We put that performance mode view to good use, both on the streets around Faro, Portugal, and on the track at the Autódromo Internacional Algarve, also known at the circuit at Portimão. Both the standard R8 V10 and V10 Plus models were on offer at the event, with the V10 limited to street driving, and the V10 Plus available on both street and track. The standard V10 model packs a 540-horsepower, 398-pound-feet version of the 5.2-liter V-10 engine, while the V10 Plus gets 610 horsepower, 413 pound-feet of torque, and a carbon spoiler among its upgrades.
The V10 Plus gets 610 horsepower, 413 pound-feet of torque, and a carbon spoiler.
Whether you're in the V10 or the V10 Plus, choice of driving modes including the standard Dynamic, as well as a customizable Individual setting. But the real performance mode comes with a simple press of the checkered flag button, which puts the R8 into Race setting. This increases the headroom allowed on the slip and yaw profiles, meaning the traction and stability controls are much less intrusive – so uninstrusive, in fact, that you can easily spin the car if you're not careful. Part of that spin-able behavior owes to the fact that the new R8 is much more a classical mid-engined car than its predecessor, especially when pushed to the limits on track.
Where the previous R8 tended to wag the tail under both straight-line and trail braking, transitioning to understeer at steady state and even more understeer when back on the power at corner exit, the the new car's default mode is oversteer. It's a very gentle and predictable oversteer, however, especially under light trailing brake pressure at corner entry, allowing the car to get right down to the apex with ease.
Holding the line in longer corners is a matter of balancing the car on the nose with the throttle; it defaults to neutral, consistent cornering. Going back to throttle for corner exit, the Quattro all-wheel-drive system channels most of the power rearward, leaving the front tires to keep the desired line all the way to track out, with very little (and in some cases, absolutely no) understeer.
If anything, you can under-drive the R8 and still end up being among the fastest at a typical club track day.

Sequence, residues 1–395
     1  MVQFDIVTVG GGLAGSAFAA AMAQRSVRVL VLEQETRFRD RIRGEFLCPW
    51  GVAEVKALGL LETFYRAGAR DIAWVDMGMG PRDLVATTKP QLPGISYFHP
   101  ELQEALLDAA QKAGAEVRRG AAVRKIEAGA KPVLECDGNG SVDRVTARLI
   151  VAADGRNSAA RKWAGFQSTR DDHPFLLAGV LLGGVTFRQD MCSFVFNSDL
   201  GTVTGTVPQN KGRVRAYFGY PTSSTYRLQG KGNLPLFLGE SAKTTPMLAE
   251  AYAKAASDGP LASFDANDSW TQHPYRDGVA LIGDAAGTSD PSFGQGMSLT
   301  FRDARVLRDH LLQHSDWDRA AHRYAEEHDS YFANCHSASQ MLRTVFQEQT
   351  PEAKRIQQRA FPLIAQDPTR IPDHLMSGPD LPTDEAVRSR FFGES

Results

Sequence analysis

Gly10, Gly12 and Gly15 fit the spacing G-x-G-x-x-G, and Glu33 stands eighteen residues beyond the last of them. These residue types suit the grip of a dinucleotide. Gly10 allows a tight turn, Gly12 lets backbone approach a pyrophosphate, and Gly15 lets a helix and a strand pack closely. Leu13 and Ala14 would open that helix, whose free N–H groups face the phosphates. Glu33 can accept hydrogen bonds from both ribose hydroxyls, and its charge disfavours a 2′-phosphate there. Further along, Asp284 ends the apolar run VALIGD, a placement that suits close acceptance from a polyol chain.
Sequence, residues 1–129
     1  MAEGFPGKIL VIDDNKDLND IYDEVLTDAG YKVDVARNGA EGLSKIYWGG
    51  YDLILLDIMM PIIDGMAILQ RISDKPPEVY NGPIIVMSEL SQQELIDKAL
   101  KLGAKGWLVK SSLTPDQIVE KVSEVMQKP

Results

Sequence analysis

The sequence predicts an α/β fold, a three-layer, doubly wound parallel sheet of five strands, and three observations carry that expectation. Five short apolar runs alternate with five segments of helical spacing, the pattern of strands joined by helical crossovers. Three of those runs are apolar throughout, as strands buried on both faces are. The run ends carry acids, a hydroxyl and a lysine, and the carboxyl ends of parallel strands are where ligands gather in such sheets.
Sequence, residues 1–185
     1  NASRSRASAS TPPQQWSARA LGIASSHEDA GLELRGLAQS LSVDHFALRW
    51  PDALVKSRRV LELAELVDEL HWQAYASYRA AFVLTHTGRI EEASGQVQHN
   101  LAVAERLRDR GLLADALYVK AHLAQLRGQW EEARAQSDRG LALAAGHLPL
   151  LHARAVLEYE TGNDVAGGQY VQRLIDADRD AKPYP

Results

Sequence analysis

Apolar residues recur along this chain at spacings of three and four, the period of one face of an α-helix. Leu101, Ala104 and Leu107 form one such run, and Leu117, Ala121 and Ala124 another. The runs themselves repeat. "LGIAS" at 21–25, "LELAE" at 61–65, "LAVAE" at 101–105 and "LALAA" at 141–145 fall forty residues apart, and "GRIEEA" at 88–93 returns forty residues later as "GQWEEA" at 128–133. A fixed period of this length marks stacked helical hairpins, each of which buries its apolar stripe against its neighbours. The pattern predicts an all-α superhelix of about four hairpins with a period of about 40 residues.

It's a remarkable change, and clearly both a result of the improved aluminum/carbon fiber chassis and the Audi engineers' choices in tuning the car's behavior at the limit. Offering a car this balanced, this controllable, demonstrates a surprising amount of faith in the typical R8 buyer, as access to all of this razor-sharp handling comes with the press of a single button. Bravo, Audi.
But it's not just mid-engine finesse with the new R8. If anything, you can under-drive the R8 and still end up being among the fastest at a typical club track day, thanks to the car's phenomenal acceleration, which feels even stronger than its estimated 3.2-second 0-60 sprint (in V10 Plus form). Get the car pointed down toward the apex, mash the right pedal, and a giant's hand shoves you into the next braking zone before you know it.
You can't go wrong with either version of the R8. The standard V10 actually feels a bit more sorted and cohesive on the street, its slightly reduced output making it a bit more approachable and less fear-inducing when sharing the road with the unknown and unpredictable. On track, the V10 Plus' 70 extra horsepower is welcome, and entirely usable. On the street, it can be a bit overwhelming, gathering speed more quickly than you can safely use, requiring the driver to hold back, tempering their aggression with a healthy dose of sanity.
On track, the V10 Plus' 70 extra horsepower is welcome, and entirely usable. On the street, it can be a bit overwhelming.
American pricing of the 2017 Audi R8 hasn't yet been released, as the car won't arrive on our streets until the spring of 2016, most likely in March or April. European pricing will start at 165,000 euros for the standard V10 model, and 187,400 for the V10 Plus when the car launches for retail sale this fall.
With its high-tech infotainment system centered on the driver, much more daring interior, and familiar-but-sharper exterior, the 2017 Audi R8 is much more than a childhood caricature; it's a complete driving system. Whether you want a supercar for the daily grind or a subtler, more tasteful (but still murderously fast and sexy) extravagance for the occasional night out, track day, or canyon run, you can't go wrong with the new Audi R8 – provided, of course, you're more Stranger In A Strange Land than Starship Troopers.